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Effortless Entrepreneur: Work Smart, Play Hard, Make Millions Paperback – September 7, 2010


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Product Details

  • Paperback: 272 pages
  • Publisher: Three Rivers Press (September 7, 2010)
  • Language: English
  • ISBN-10: 0307587991
  • ISBN-13: 978-0307587992
  • Product Dimensions: 8 x 6.6 x 0.7 inches
  • Shipping Weight: 4.8 ounces (View shipping rates and policies)
  • Average Customer Review: 3.9 out of 5 stars  See all reviews (55 customer reviews)
  • Amazon Best Sellers Rank: #656,429 in Books (See Top 100 in Books)

Editorial Reviews

Review

“Should be distributed in business classes across the country”—Ted Leonsis, vice chairman emeritus of AOL and owner of the Washington Capitols
 
“This is THE book for anyone who has contemplated starting a business”—Fred Deluca, Founder of Subway
 
“Nick and Omar are the future of entrepreneurship”—George Nadaff, franchise guru/ former CEO of Boston Market

About the Author

NICK FRIEDMAN and OMAR SOLIMAN started College Hunks Hauling Junk in 2005 when they were only twenty-two years old. Since then, College Hunks Hauling Junk has grown into a multimillion-dollar franchise and the nation's premier junk removal service, and has been profiled in the New York Times and the Washington Post. Nick and Omar have been named among the top Under 30 Entrepreneurs in America by Inc., and in 2007 the International Franchise Association named them the Youngest Franchisors in America.

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Customer Reviews

This book is a must read for anyone who wants to pursue a start-up business.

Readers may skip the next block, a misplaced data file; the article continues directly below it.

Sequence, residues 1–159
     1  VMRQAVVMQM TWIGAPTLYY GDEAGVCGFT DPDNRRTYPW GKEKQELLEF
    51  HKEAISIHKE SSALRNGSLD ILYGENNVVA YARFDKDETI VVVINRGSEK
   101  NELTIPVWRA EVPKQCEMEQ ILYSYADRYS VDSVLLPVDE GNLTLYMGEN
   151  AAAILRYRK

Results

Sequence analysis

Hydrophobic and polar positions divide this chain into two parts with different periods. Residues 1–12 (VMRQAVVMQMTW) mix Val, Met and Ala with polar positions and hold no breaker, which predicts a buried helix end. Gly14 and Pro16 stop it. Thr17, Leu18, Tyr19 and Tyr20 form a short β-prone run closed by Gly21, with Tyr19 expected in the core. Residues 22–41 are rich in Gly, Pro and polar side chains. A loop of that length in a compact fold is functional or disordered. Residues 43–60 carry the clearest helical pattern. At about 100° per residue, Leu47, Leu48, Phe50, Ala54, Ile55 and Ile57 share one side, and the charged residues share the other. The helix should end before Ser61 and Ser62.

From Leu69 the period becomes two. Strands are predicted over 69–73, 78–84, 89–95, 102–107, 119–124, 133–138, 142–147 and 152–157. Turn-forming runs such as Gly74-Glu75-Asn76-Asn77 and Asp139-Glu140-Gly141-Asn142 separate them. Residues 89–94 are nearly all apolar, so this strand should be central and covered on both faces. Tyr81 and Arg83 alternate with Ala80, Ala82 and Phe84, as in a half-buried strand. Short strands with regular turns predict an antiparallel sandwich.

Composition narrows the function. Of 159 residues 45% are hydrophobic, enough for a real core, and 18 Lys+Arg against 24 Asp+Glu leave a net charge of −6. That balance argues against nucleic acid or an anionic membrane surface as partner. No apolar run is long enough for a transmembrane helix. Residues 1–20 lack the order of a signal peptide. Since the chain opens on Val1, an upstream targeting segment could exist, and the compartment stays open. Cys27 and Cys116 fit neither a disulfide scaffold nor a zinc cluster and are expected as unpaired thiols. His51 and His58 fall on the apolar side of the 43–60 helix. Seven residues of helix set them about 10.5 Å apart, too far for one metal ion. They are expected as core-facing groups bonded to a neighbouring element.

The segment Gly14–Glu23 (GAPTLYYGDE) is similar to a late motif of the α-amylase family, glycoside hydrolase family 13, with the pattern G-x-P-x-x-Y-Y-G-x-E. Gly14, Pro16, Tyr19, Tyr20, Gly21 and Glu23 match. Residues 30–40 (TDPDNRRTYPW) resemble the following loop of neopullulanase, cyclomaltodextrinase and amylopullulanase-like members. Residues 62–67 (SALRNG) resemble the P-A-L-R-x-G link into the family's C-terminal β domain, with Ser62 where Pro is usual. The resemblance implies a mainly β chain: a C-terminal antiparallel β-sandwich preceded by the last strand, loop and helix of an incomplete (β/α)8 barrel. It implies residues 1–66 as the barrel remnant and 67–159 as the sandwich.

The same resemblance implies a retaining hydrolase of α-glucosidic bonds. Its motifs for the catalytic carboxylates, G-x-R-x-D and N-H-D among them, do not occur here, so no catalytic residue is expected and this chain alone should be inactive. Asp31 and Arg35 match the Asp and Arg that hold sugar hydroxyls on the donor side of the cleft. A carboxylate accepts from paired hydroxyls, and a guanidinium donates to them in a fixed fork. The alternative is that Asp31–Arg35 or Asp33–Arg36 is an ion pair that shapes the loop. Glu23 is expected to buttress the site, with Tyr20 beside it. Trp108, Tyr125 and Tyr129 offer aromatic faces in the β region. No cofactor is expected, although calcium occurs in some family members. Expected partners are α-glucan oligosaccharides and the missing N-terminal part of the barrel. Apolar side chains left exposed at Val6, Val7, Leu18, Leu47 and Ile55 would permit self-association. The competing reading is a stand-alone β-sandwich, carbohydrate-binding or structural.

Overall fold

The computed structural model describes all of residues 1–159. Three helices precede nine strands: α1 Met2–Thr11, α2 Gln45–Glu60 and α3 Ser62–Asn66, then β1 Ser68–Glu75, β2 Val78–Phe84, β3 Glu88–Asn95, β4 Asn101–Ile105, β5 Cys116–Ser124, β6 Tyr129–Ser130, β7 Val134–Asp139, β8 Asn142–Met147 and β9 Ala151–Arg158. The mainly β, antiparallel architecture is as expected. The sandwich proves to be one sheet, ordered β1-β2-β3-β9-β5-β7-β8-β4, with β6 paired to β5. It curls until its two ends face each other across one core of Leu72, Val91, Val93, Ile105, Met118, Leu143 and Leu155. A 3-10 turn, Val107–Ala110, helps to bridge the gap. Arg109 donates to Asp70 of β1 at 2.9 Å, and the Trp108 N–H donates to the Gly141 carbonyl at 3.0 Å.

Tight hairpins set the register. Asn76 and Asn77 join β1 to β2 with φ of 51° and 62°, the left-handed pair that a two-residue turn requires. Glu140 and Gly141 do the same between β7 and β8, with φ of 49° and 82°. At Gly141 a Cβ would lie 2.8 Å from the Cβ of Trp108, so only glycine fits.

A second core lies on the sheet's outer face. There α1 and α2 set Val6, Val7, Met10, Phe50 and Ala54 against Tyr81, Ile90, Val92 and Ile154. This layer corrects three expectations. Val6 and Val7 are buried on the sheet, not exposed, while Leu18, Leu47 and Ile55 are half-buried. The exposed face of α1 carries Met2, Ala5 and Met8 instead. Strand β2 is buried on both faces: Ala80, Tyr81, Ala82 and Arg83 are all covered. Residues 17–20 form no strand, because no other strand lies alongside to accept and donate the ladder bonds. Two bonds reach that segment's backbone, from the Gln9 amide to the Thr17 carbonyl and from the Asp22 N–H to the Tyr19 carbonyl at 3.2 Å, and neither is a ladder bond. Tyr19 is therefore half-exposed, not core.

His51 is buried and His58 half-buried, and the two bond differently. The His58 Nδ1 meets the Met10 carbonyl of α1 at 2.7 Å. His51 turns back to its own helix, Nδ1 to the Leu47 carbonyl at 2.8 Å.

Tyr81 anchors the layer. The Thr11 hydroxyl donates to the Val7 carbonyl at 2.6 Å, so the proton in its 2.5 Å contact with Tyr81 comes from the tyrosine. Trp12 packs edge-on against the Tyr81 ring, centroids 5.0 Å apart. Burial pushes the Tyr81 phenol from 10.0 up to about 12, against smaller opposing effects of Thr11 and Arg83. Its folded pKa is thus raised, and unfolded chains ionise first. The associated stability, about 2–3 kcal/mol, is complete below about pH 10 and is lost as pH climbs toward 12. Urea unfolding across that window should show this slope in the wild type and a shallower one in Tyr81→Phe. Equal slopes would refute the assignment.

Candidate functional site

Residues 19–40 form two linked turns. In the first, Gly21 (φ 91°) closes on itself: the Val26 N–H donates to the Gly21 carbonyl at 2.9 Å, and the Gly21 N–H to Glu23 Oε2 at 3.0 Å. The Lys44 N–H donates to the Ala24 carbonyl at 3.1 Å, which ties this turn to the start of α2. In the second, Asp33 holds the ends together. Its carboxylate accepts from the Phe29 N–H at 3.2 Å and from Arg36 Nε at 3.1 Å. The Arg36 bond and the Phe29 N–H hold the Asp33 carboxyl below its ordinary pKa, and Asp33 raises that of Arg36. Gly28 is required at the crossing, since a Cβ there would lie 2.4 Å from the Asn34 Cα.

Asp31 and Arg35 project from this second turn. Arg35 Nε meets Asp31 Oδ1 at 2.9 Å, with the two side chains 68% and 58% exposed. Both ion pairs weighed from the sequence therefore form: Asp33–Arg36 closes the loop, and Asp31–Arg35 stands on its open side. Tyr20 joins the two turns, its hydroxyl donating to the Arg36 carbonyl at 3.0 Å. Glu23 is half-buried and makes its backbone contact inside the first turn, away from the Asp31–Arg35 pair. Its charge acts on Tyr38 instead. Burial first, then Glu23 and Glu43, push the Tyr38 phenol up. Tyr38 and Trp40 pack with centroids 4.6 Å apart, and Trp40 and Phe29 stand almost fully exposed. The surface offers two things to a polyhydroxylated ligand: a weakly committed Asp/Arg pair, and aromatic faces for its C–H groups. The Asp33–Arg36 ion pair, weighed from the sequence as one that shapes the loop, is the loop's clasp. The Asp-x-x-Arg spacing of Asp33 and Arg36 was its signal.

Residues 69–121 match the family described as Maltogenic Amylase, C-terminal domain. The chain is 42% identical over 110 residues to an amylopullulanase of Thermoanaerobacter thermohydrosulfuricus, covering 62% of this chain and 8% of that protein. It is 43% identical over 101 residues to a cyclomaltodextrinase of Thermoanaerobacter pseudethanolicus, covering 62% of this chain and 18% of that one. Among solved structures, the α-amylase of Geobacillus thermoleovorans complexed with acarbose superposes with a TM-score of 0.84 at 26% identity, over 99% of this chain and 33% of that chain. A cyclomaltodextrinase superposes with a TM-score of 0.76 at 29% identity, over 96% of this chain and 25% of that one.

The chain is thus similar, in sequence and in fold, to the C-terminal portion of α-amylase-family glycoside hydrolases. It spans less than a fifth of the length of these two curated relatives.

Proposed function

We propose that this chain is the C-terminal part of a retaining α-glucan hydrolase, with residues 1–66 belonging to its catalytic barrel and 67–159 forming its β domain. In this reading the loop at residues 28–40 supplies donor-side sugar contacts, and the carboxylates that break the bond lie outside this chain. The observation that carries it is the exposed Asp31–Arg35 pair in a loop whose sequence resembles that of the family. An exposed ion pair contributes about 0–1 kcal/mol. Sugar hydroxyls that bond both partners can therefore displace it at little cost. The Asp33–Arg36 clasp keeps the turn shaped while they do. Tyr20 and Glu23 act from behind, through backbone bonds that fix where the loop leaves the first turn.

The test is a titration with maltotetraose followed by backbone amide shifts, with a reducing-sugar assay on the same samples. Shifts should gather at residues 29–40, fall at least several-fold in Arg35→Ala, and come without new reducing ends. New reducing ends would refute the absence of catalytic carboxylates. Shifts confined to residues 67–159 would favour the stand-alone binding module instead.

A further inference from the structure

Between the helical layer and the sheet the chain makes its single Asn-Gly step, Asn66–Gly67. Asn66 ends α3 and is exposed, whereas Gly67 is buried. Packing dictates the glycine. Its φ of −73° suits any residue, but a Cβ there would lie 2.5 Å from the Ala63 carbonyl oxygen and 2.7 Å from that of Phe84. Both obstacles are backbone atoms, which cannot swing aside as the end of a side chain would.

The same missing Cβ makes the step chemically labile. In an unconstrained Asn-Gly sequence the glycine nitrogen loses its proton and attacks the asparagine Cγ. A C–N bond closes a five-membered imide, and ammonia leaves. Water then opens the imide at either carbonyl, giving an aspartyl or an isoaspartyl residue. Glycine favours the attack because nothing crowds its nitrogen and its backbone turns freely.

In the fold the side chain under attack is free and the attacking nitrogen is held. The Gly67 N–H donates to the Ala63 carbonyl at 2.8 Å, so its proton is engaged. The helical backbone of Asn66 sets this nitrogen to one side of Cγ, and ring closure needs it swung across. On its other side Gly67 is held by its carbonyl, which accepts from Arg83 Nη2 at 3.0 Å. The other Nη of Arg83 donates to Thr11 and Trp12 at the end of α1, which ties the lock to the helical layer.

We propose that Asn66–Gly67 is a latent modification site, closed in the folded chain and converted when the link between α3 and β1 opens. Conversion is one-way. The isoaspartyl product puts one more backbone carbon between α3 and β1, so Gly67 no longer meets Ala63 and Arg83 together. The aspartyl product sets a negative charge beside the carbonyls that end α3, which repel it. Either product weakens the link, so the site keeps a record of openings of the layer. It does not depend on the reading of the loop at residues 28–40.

Rosey T
This book is a fun read - it's a great way to pick up some business knowledge while reading an enjoyable story.
Paul Gifford
Unfortunately, chapters like these tend to be the weakest areas of the book.
Derek G

Most Helpful Customer Reviews

23 of 29 people found the following review helpful By Natasha Stryker TOP 500 REVIEWERVINE VOICE on September 23, 2010
Format: Paperback Vine Customer Review of Free Product ( What's this? )
I found their advice flippant and the tone of the entire book to be very immature. The shifting tense, tone and narration made it feel cobbled together; the "frat guy mentality" approach to business was unenjoyable to read-- the sum of its parts that turned me off.

This may do well in a high school class or freshman college business course because I found the tone to be that of a 18 year old boy; this is a great thing if you want to get your 18 year old son interested in going into business for himself.

The 10 commandments are pretty strait forward and nothing you haven't heard before. Its approach feels like they just winged it and got lucky, they seem to want to party harder than manage a successful business for much of the book. I am very happy for them to have pulled it off, but this book does not detail a formula for success, it is a tale about being in the right place at the right time.

It is not that well written and not very inspiring for the artistic types. If you want to haul junk for people for cash, this is an excellent guide on how to do that. I was looking for a book with fresh approach to starting your own business with a modern appeal; my search will continue.
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6 of 6 people found the following review helpful By Corey Scott VINE VOICE on December 20, 2010
Format: Paperback Vine Customer Review of Free Product ( What's this? )
By the time I finished this book, I was completely shocked at how much it changed my outlook on entrepreneurship. I have read several other books from the "I have a big business, here's how I did it" genre, and I went into this book thinking that this would be nothing more than a publicity tool for the authors to spread their company name. While I'm sure that was part of the motivation for the authors to write this book, I think you will be pleasantly surprised out how well-written, educational, and fun this book really is!

Let it be known that this is NOT a book about effortlessly becoming an entrepreneur. Any author making those claims should be ignored. This is a book about working smart, not hard, to create a business. It's about getting the business to the point where you can work ON it from the outside, rather than working IN it.

The authors give point-by-point details on how they systemized their business from the very beginning, creating positions within the company (all of which were operated by themselves in the beginning) which would eventually be filled by other team members. Such an avenue of business organization allowed them to franchise their business which a much higher degree of success than many others who try.